Creating space to succeed
Moipone Masalesa has come a long way. She has been a teacher, owned a hair salon and has run her successful Leswikaswika Civil Projects company from Pretoria since she registered it in 2005. In the process, this single mother has enabled her daughter to g
In the beginning
Moipone Masalesa was one of seven siblings growing up in a middle class, well-organised Christian family near Bela Bela, Limpopo. Her father was lucky to be working for a farmer who gave his labourers land. She says: “He owned cattle and goats. He grew beans and sweet potatoes, which we sold on the streets of Bela Bela and to a nearby mining community.”
She thinks that as the youngest child, she might have been a little spoilt. Yet, she says, she’s “turned out to be the hardest worker in the family”.
“My parents were very strict and we were not allowed to mix with children who were not Christians. We prayed a lot and did Bible studies.”
So when Masalesa fell pregnant at 17 while still a schoolgirl her family was shocked. “I had hoped to be a teacher but needed an income so I went to live with my sister and sold clothes and beauty products in Bela Bela for five years.”
With the money she saved, she went to the Moretele Teachers’ Training College. “My parents were so impressed by my determination they helped me with funds by selling a cow.”
She simultaneously studied for matric and because there was no Setswana teacher, she taught herself and her fellow classmates.
Masalesa ended up matriculating with a distinction from Lethabong Secondary School, which impressed her parents even more because her father “didn’t believe that girls should be educated”.
The Lethabong principal respected Masalesa’s diligence so much that he appointed her as the school’s history and geography teacher.
“I was there for 12 years and studied at the same time at Vista University for my BEd honours,” she says.
Masalesa had hoped to become a doctor, but the thought of another seven years of study was daunting.
Nonetheless, she opened a hair salon to increase her income. “I was a fighter and a real self-starter,” she recalls with a chuckle.
Masalesa registered Leswikaswika Civil Projects in 2005. She found construction work from friends and community members who wanted their homes extended in Bela Bela, Soshanguve and Ga-Rankuwa.
“I measured and calculated the building sites and then I’d find contractors to build them. I bought the bricks, cement and paint for the contractors.”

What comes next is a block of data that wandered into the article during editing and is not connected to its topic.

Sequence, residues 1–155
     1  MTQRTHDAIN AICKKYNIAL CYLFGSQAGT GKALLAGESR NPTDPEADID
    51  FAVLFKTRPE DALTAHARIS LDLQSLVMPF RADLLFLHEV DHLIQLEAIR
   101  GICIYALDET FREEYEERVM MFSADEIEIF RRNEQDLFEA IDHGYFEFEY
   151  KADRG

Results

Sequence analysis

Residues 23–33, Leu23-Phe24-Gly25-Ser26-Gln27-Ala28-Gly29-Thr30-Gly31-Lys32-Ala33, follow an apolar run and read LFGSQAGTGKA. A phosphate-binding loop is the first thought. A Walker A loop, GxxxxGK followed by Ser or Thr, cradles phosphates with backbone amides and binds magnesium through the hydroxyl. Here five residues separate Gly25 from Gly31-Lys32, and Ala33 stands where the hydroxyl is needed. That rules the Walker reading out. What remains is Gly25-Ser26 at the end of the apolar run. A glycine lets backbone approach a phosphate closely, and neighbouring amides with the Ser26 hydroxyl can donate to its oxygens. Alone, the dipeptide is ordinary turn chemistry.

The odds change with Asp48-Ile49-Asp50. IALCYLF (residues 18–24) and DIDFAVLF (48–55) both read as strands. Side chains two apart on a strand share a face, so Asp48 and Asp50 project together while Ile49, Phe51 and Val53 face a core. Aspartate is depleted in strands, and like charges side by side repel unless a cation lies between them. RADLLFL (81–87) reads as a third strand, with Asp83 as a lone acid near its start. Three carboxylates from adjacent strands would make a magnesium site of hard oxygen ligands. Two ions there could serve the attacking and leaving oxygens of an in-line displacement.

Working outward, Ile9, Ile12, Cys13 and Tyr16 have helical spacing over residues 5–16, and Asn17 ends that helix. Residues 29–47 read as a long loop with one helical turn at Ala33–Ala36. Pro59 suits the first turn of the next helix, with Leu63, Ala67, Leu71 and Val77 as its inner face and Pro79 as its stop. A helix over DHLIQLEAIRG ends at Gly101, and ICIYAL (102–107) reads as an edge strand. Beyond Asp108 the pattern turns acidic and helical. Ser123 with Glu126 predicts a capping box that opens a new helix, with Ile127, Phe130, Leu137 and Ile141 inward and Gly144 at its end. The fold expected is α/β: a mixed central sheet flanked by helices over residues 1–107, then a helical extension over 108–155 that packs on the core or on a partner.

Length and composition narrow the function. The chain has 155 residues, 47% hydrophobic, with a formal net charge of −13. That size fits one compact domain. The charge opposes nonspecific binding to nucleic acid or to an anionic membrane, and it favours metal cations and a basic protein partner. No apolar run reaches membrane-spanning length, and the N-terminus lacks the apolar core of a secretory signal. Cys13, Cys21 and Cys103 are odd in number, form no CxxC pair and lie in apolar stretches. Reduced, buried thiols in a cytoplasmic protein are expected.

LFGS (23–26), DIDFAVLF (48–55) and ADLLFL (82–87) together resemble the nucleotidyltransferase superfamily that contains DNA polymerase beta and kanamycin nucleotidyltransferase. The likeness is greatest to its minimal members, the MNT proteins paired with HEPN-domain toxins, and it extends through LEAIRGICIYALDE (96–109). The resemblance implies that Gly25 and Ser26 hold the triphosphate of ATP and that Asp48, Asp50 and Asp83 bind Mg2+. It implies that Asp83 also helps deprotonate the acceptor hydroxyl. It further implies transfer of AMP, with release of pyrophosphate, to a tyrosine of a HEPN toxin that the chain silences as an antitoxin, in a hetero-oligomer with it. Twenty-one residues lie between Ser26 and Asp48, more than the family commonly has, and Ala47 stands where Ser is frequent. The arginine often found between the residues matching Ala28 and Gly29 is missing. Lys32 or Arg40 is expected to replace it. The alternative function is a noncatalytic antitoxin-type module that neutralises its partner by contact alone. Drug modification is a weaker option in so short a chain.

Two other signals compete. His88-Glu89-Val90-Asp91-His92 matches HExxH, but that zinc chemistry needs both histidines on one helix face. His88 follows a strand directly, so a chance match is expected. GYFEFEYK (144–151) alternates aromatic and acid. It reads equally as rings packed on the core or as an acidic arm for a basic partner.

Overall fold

But Masalesa wasn’t satisfied with her income and asked her brother, who was building roads, to also involve her in that area.
“In 2005, the Tshwane public works department asked for female contractors. I applied and began civil construction in Krugersdorp and Orange Farm. I am still building roads in Vanderbijlpark today.
“I do road construction, storm water drainage and water reticulation.”
Masalesa learnt her civil construction skills through on-the-job training.
Today, she hires between 20 and 28 people to work for her “depending on the size of the project”.
“Start-up capital. I needed this because of all the delays in paying me. Another problem was that communities increasingly wanted to do their own building in spite of not being qualified to do so.”
“I obtained capital because Absa gave me an overdraft. I overcame the problems in the community by involving the members as stakeholders in the projects. I understand where they are coming from.”
“I intend to continue growing and expanding. I am also empowering communities. Investing skills in the latter makes me feel really good.”
Dreams and goals
“I’m competitive and always look for new opportunities. I hope to eventually operate outside South Africa’s borders.
“I’m also looking at 3-D construction. One day I envisage building shopping malls in space.”
NHBRC is necessary…
“It plays an important role as a regulatory body. I’ve worked with them and they insist on quality. I’ve never seen its inspectors compromising on that.”
STILL REACHING Moipone Masalesa